Communal living projects moving from hippie to mainstream

The hippies could be proven right. Four decades after they introduced the commune into the industrialised society, pooling goods and saving nature’s resources, sustainability and the sharing economy are on the up. This includes co-housing - where residents have seperate bedrooms but may share kitchen and dining facilities - which is also proving to be a lucrative business model.

“It’s all about living healthy and happy lives without harming the planet,” says Sue Riddlestone, who co-founded a pioneering community of 82 low-energy, water-efficient homes called BedZED in south London more than a decade ago.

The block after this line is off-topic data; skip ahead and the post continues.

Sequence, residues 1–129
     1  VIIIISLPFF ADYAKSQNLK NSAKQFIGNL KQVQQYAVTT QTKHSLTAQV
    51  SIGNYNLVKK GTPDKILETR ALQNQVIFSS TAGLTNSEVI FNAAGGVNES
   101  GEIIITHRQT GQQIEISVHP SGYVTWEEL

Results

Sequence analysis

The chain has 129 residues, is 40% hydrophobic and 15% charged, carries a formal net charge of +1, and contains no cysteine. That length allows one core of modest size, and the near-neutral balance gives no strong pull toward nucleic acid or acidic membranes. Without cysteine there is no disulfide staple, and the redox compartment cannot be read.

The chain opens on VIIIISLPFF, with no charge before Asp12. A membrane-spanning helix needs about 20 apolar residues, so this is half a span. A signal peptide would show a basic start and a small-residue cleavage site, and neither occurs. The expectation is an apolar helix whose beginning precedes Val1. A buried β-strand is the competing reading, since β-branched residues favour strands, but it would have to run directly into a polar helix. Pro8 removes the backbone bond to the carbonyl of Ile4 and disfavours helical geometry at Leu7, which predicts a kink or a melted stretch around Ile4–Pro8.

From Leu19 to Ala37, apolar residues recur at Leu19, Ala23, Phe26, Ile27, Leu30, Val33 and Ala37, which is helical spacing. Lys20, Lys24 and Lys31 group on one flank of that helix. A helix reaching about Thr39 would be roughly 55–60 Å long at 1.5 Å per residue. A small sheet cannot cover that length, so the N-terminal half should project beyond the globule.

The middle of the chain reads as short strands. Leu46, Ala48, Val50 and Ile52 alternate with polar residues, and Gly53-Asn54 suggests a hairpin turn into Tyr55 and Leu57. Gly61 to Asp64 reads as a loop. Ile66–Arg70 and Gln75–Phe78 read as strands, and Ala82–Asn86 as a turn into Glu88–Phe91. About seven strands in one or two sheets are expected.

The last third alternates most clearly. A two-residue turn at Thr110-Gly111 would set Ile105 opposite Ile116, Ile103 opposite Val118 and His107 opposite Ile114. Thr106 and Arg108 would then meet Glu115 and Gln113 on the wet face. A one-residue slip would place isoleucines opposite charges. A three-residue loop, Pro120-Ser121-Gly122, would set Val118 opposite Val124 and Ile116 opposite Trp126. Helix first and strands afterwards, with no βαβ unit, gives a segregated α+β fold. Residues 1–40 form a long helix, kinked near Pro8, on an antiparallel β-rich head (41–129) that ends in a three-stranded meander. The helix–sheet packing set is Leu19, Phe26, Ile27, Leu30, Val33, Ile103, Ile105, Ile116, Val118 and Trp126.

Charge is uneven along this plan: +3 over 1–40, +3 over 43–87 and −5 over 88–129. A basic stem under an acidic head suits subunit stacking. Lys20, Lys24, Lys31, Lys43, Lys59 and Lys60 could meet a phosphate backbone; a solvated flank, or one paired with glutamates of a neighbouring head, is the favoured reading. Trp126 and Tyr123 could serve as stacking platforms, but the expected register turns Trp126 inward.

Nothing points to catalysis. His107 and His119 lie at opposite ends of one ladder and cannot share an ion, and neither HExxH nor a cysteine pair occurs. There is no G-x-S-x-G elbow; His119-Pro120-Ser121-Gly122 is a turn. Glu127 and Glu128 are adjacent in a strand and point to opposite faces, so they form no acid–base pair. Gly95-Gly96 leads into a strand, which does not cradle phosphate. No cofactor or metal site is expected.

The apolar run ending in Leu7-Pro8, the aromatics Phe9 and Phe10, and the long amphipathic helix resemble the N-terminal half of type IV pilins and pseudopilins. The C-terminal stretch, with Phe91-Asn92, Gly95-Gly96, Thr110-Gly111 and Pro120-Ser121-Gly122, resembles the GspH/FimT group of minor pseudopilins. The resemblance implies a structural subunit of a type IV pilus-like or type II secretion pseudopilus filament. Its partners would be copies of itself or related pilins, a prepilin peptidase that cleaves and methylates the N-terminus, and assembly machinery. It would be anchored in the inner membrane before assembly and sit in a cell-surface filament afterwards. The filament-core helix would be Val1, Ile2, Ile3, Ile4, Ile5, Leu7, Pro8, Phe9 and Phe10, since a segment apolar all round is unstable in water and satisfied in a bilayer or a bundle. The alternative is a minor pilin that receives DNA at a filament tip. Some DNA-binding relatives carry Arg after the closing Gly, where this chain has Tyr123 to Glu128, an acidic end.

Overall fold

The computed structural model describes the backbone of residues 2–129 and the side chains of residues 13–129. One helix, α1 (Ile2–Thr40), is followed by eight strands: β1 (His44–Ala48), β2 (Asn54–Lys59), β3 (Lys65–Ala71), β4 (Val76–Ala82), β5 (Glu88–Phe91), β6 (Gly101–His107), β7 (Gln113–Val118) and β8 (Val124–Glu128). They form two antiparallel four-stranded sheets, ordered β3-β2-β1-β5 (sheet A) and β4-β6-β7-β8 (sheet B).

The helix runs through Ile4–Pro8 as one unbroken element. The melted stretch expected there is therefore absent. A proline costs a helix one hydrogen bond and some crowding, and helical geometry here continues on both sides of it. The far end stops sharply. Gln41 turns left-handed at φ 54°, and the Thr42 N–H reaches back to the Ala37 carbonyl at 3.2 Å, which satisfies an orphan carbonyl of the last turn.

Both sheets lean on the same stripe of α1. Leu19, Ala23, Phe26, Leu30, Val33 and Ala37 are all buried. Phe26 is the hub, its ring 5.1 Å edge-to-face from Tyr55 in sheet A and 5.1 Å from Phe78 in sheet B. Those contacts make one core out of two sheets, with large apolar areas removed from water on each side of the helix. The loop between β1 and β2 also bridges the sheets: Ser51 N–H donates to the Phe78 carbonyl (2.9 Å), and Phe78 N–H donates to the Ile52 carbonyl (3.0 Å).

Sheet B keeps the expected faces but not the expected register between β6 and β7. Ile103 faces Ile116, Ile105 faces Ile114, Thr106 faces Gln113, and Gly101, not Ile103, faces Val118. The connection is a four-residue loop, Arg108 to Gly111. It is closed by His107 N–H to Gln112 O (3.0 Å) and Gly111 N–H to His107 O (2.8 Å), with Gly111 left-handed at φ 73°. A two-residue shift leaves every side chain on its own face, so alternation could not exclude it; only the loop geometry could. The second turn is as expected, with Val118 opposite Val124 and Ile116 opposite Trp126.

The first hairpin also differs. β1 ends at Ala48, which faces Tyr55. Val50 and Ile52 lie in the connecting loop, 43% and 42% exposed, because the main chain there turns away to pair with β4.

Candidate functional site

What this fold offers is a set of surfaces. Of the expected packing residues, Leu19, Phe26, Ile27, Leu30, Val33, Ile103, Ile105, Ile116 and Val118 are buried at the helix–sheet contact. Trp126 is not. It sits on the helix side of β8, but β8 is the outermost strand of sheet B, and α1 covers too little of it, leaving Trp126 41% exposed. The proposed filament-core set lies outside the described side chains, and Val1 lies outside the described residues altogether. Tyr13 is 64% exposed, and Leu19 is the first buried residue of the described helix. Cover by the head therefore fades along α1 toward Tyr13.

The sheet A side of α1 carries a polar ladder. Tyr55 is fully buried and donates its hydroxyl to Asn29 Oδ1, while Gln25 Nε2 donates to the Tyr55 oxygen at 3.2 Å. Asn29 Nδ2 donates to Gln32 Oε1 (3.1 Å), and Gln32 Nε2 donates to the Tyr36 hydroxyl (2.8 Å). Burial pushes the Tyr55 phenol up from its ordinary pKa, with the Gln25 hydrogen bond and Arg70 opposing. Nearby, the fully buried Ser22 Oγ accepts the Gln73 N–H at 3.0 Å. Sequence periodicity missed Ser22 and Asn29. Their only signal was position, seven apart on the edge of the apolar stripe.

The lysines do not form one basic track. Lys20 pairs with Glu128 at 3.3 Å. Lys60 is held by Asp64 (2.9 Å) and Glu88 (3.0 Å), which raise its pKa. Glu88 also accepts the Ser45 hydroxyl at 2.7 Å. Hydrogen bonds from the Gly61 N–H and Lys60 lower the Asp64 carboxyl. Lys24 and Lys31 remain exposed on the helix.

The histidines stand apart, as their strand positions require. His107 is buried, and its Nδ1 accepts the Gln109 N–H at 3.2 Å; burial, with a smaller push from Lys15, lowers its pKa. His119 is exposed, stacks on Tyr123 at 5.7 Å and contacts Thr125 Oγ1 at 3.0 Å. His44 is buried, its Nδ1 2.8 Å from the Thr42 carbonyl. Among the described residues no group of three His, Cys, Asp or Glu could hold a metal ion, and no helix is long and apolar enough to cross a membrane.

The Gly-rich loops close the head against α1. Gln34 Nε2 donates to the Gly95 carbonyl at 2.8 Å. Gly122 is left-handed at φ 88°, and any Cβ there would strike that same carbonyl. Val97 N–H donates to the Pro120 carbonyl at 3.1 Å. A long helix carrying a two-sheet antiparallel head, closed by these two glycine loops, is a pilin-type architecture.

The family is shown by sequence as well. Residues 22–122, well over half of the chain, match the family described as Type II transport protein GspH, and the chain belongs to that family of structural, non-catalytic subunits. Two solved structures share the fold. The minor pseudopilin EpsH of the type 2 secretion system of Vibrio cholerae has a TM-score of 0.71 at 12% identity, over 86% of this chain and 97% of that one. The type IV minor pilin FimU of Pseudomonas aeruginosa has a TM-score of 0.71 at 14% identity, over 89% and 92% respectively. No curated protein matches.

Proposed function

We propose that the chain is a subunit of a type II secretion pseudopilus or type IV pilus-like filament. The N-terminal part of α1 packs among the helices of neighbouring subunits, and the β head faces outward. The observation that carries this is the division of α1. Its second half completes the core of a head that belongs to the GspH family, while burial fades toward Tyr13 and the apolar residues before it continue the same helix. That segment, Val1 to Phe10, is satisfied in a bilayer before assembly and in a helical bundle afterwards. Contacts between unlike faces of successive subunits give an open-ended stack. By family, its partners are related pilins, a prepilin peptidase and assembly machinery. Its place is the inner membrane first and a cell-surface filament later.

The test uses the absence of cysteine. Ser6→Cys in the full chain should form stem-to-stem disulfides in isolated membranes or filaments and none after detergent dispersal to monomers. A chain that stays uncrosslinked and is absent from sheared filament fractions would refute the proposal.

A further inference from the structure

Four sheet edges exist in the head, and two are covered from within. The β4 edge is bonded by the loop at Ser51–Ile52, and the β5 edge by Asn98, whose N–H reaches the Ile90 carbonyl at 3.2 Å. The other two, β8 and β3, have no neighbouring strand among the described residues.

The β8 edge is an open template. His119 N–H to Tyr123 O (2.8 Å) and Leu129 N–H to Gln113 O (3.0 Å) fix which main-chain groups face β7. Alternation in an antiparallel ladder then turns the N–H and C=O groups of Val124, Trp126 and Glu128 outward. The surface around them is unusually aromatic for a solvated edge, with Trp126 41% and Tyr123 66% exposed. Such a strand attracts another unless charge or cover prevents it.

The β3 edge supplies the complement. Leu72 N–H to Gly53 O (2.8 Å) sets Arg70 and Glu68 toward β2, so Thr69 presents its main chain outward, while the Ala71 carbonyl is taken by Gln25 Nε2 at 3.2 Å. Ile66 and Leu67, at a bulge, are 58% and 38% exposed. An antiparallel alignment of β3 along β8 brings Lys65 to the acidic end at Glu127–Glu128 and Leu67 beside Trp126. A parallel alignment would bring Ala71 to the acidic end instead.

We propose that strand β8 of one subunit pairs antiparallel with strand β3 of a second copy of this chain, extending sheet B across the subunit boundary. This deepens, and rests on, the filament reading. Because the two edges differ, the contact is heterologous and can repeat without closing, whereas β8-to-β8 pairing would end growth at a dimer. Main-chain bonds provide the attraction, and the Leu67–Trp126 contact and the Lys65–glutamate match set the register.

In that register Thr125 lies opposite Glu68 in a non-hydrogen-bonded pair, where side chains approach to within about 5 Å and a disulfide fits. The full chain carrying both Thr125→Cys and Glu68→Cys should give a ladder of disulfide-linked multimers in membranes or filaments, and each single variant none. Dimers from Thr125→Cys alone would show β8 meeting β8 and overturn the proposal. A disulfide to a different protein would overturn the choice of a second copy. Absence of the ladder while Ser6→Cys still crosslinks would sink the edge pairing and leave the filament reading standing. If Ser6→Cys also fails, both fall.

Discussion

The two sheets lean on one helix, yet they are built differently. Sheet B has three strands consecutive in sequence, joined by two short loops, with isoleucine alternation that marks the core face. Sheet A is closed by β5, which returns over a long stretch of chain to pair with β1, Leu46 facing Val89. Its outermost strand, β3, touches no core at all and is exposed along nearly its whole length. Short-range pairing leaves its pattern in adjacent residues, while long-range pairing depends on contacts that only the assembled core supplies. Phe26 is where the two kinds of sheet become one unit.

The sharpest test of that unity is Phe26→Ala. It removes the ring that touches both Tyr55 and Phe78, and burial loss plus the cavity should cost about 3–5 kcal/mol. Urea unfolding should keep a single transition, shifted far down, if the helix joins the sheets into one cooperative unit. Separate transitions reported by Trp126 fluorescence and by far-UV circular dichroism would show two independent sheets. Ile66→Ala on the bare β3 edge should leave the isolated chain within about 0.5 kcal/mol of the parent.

Back in 2003 healthy and happy lives with no harm to the planet sounded a bit idealistic. Indeed, before BedZed, Riddlestone and her co-founder social entrepreneur Pooran Desai had pioneered hemp textiles production, a tree reuse station and sustainable mini paper mills in London.

Then came the growing awareness of climate change, followed by the sharing economy, which in 2013 was valued at $26bn and some analysts expect can grow to $110bn. Suddenly communal living, especially of the modern kind where resources are shared but everyone has a separate apartment, looked a lot more attractive.

Read the full article at the Guardian

 

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